La Mar, El Mar

5 Aug

He always thought of the sea as La Mar, which is what people call her in Spanish when they love her. Sometimes those who love her say bad things of her but they are always said as though she were a woman. Some of the younger fishermen … spoke of her as El Mar which is masculine. They spoke of her as a contestant or a place or even an enemy. But the old man always thought of her as feminine and as something that have or withheld great favours, and if she did wild or wicked things it was because she could not help them.

I have spent the last week in South Sulawesi, where the sea is everything. I’ve also been reading The Old Man and the Sea, which was perhaps overkill but also had a kind of neatness to it. While I have done some serious beach-love, hugging sand and floating in blue water, I’ve been thinking about what it means to both love and use the sea – fickle, embracing, practical source of life.

I’ve always loved the sea: I grew up a water baby. The ocean cleanses and calms and no matter what’s going on in my life, playful waves can always make me feel like I’m an eight-year-old mermaid again. More than that, the sea is a point of perspective: endless, powerful, it doesn’t bother with sympathy for trivial problems – and reminds me that neither should I.

So The Old Man’s respect and love for La Mar feels familiar and right, even if I’m no 60-year-old Cuban fisherman. Down here in isolated, coastal Sulawesi, the local people (the ethnic Bugis) have a love and a dependence on her that I can’t begin to imagine. Their food and livelihoods come from the sea: the fish, the boats they build, the salt that they dry from the sea water and sell, the tourism brought by the beautiful reef.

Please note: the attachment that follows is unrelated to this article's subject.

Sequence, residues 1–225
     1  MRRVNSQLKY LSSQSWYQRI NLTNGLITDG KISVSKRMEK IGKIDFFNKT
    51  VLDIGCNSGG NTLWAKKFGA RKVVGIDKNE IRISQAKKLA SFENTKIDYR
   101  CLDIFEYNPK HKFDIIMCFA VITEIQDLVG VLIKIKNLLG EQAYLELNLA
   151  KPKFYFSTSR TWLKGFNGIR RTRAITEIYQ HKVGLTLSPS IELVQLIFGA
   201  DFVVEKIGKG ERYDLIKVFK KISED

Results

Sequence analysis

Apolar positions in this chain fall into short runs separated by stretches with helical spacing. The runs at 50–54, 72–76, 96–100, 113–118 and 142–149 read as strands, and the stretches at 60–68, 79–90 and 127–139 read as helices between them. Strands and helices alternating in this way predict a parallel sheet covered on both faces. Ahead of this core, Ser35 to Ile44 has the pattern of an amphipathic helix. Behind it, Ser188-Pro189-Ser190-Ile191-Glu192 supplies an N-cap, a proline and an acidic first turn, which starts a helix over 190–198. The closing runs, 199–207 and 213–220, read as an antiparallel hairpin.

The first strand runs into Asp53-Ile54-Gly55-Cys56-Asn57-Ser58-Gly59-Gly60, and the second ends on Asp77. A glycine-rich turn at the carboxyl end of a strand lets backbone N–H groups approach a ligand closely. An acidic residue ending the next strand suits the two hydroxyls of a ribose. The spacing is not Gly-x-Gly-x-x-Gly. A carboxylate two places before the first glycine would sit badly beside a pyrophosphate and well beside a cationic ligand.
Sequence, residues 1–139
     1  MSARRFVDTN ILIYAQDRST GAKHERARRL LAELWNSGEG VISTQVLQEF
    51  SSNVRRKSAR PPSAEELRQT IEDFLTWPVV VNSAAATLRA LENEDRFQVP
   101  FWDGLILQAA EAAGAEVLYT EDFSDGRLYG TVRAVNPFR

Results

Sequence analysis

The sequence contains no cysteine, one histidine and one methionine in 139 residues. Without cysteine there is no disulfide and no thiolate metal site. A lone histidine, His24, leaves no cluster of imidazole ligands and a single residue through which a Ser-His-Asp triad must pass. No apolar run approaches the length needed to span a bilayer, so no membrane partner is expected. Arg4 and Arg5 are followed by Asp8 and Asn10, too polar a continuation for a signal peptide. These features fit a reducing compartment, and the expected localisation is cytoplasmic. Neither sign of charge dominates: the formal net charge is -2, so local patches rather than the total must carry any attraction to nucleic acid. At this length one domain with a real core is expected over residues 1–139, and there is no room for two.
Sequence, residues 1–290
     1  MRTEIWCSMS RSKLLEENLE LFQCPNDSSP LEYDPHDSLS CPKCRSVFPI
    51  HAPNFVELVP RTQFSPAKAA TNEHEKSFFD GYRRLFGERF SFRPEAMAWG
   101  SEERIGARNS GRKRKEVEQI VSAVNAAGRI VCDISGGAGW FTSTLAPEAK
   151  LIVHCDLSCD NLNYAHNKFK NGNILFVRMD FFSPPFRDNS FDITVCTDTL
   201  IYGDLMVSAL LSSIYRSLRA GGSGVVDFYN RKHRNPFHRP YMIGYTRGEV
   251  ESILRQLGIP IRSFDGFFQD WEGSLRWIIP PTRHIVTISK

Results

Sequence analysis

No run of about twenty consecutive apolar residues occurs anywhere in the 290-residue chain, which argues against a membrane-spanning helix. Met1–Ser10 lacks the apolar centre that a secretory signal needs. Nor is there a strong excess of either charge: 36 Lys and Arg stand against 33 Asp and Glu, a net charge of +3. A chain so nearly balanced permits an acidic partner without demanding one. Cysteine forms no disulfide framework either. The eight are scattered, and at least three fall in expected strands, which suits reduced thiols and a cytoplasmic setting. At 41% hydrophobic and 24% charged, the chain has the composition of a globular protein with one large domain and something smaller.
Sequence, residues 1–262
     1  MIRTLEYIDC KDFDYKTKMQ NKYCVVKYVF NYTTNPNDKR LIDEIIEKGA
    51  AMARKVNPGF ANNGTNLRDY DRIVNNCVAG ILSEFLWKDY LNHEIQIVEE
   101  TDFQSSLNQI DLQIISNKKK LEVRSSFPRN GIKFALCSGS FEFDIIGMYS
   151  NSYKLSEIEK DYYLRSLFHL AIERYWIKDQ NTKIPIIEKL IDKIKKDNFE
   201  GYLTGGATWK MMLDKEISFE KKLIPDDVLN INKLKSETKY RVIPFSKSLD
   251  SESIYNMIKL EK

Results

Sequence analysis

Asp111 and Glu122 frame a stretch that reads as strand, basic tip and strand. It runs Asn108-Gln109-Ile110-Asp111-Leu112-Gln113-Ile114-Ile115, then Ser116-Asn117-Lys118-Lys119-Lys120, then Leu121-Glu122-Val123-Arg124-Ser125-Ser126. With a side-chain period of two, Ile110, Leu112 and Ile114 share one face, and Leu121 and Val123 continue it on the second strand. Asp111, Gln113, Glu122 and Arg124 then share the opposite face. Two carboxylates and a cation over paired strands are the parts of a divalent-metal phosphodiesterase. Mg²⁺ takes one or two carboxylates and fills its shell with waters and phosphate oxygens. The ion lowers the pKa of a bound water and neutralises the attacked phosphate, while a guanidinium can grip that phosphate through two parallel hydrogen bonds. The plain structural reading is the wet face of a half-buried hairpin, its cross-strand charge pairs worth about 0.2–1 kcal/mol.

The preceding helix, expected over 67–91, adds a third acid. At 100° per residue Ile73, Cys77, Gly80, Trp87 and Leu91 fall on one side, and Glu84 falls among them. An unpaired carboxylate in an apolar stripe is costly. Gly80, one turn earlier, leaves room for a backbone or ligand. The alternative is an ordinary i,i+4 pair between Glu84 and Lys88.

Yesterday we caught a boat out to a small island – picture-perfect, all white sand and little gem fish in the coral around the beach. Our ‘captain’ was a local of the island and proudly took us around the village and reef. Using that inter-lingual sign language that always seems to work better than you think it will, he told us that we should stay on his island and blow off our accommodation on the main beach, which was clearly crap in comparison. His pride was matched by his skill: on the boat his feet found the right balance for every wave. It seemed like all the fishermen and village women and kids we met were part of the sea that cut them off from the main land.

But snorkelling, I couldn’t help feeling dismayed that the anchor of our boat was tugging a hole in a plate of coral. With a couple of boats a day, there would be holes like that one all up and down the reef. Over lunch, Mr T reminded me that there is a problem with damage done all over Indonesian reefs, with fishermen responding to increased demand by blowing up fish with dynamite, or pouring buckets of cyanide into the water. The picturesque image of people and sea in a dance of effort, skill and love might be misleading – perhaps here the ocean is competitor, enemy.

I wonder if the Bugis people would call her La Mar or El Mar. I wish I could ask.

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